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|Title:||INFLAMMATION, SLEEP DISTURBANCES AND THEIR RELATIONSHIP TO DEPRESSIVE SYMPTOMS DURING THE PERINATAL PERIOD|
Frey, Benicio N
|Abstract:||Introducton: The pathophysiology of perinatal depression is not completely under- stood. Advances in our understanding of Major Depressive Disorder (MDD) suggests that inflammation and sleep disruptions are important pathophysiological factors. The unique biological interactions between immune functioning, sleep disruptions and the Hypothalamic Pituitary Adrenal (HPA) axis may make these factors especially impor- tant for the development of depression during the perinatal period. The goal of this thesis was to thoroughly examine both inflammation and sleep disruptions from late pregnancy through the early postpartum period and assess how they might be related the development of depressive symptoms. Results: Pregnancy IL-6 and IL-10 emerged as significant predictors of postpartum de- pressive symptoms. None of our other candidate inflammatory markers were associated with depressive symptoms during pregnancy, at 12 weeks postpartum or over time. Sig- nificant relationships were observed between mild depressive symptoms and disruptions in daily rhythms during pregnancy and at 3 months postpartum. We observed signif- icant trait level differences in objective measures of sleep in women at higher risk for PPD (i.e those with a history of recurrent MDEs). Significant differences in the rela- tionship between sleep and depressive symptoms across the perinatal period were also observed. For women with a history of recurrent MDEs, depressive symptoms during pregnancy appeared to be a trait rather than state phenomena. Our work is also the first to provided evidence linking objective (duration, efficiency and wake after sleep onset (WASO)) sleep parameters with small, but significant increases in IL-6 from late pregnancy to 12 weeks postpartum. Conclusion: In sum, our results fail to show a state association between biomarkers of inflammation and perinatal depressive symptoms. Our work indicates that diagnostic history modulates the relationship between sleep and perinatal depressive symptoms. This diagnostic history also modules the trajectory of these sleep parameters from late pregnancy to early postpartum. Finally, our results provide foundational evidence for an interaction between inflammation and sleep disturbances across the perinatal period.|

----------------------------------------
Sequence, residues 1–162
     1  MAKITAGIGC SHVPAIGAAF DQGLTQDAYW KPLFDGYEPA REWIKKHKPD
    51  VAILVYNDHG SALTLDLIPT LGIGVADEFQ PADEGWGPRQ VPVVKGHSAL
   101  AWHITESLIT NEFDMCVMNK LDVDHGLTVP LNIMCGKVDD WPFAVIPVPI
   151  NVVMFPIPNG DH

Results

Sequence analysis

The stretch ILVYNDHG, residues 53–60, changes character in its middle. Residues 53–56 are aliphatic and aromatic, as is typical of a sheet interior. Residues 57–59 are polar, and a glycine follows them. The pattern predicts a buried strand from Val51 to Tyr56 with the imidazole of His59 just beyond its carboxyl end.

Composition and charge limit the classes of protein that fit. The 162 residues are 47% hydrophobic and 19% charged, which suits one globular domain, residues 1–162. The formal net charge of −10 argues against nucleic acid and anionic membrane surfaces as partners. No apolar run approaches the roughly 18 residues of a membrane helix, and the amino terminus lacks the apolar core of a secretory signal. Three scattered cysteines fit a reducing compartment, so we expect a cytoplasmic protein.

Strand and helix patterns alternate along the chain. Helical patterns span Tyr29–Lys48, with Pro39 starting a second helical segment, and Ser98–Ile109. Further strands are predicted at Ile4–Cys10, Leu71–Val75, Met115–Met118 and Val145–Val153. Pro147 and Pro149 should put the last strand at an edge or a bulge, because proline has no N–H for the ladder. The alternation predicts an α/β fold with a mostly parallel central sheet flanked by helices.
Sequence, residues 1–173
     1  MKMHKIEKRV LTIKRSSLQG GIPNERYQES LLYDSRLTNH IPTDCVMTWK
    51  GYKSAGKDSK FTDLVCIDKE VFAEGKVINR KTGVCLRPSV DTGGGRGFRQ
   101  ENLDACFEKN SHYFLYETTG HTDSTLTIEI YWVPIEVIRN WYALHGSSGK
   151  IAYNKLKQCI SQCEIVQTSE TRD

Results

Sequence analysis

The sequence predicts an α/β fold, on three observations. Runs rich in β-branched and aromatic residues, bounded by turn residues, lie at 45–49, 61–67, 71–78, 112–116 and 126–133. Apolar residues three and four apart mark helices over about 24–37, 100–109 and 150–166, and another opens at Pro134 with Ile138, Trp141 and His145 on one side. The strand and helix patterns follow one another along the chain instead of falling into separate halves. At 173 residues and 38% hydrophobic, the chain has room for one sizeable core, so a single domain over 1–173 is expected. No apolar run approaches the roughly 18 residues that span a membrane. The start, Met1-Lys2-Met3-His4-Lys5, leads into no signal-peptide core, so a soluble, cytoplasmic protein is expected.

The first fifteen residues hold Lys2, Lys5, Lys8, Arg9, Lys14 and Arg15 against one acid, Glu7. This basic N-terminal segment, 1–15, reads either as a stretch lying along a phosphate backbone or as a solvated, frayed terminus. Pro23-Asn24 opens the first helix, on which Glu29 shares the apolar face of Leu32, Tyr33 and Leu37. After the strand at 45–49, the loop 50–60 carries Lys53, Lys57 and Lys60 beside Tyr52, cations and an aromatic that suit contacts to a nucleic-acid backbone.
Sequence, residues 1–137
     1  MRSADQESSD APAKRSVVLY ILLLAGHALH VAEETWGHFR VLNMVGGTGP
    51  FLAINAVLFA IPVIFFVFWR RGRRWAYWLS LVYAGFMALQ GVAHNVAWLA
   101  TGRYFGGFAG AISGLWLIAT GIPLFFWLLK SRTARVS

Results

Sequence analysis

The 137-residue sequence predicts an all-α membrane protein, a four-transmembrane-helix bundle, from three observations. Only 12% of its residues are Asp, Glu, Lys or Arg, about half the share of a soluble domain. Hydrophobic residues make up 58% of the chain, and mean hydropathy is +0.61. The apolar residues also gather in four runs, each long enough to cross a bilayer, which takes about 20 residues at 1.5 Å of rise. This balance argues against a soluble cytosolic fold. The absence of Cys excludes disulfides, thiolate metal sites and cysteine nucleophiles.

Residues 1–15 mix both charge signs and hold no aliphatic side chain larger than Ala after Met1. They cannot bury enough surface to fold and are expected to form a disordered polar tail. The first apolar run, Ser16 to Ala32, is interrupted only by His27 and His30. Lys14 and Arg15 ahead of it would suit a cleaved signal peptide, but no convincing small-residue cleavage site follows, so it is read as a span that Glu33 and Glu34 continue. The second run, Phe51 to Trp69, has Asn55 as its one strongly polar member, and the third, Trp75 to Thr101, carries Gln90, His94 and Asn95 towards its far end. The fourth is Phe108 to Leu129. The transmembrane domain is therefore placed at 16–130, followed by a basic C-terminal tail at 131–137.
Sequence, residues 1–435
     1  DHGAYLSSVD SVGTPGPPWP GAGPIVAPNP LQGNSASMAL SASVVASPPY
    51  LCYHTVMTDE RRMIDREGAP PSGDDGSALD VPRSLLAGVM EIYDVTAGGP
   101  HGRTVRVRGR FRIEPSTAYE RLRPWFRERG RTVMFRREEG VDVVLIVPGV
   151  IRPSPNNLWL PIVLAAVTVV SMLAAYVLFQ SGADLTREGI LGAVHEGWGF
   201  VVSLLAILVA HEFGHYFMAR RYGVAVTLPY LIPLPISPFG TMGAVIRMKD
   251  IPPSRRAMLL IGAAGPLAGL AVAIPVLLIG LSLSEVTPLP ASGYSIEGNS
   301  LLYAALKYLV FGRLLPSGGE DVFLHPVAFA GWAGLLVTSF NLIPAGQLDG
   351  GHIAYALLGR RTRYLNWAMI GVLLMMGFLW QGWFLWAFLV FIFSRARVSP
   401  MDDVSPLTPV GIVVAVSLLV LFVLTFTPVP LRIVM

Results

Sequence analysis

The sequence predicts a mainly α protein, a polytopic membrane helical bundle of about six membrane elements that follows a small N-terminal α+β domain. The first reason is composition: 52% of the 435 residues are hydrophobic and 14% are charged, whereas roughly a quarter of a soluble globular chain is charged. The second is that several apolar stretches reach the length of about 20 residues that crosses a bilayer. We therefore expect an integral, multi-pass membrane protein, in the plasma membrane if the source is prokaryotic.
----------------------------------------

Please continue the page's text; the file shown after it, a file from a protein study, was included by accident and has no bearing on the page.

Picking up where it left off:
|Appears in Collections:||Open Access Dissertations and Theses|
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|Simpson_William_E_Apr2016_PhD.pdf||Thesis||1.74 MB||Adobe PDF||View/Open|
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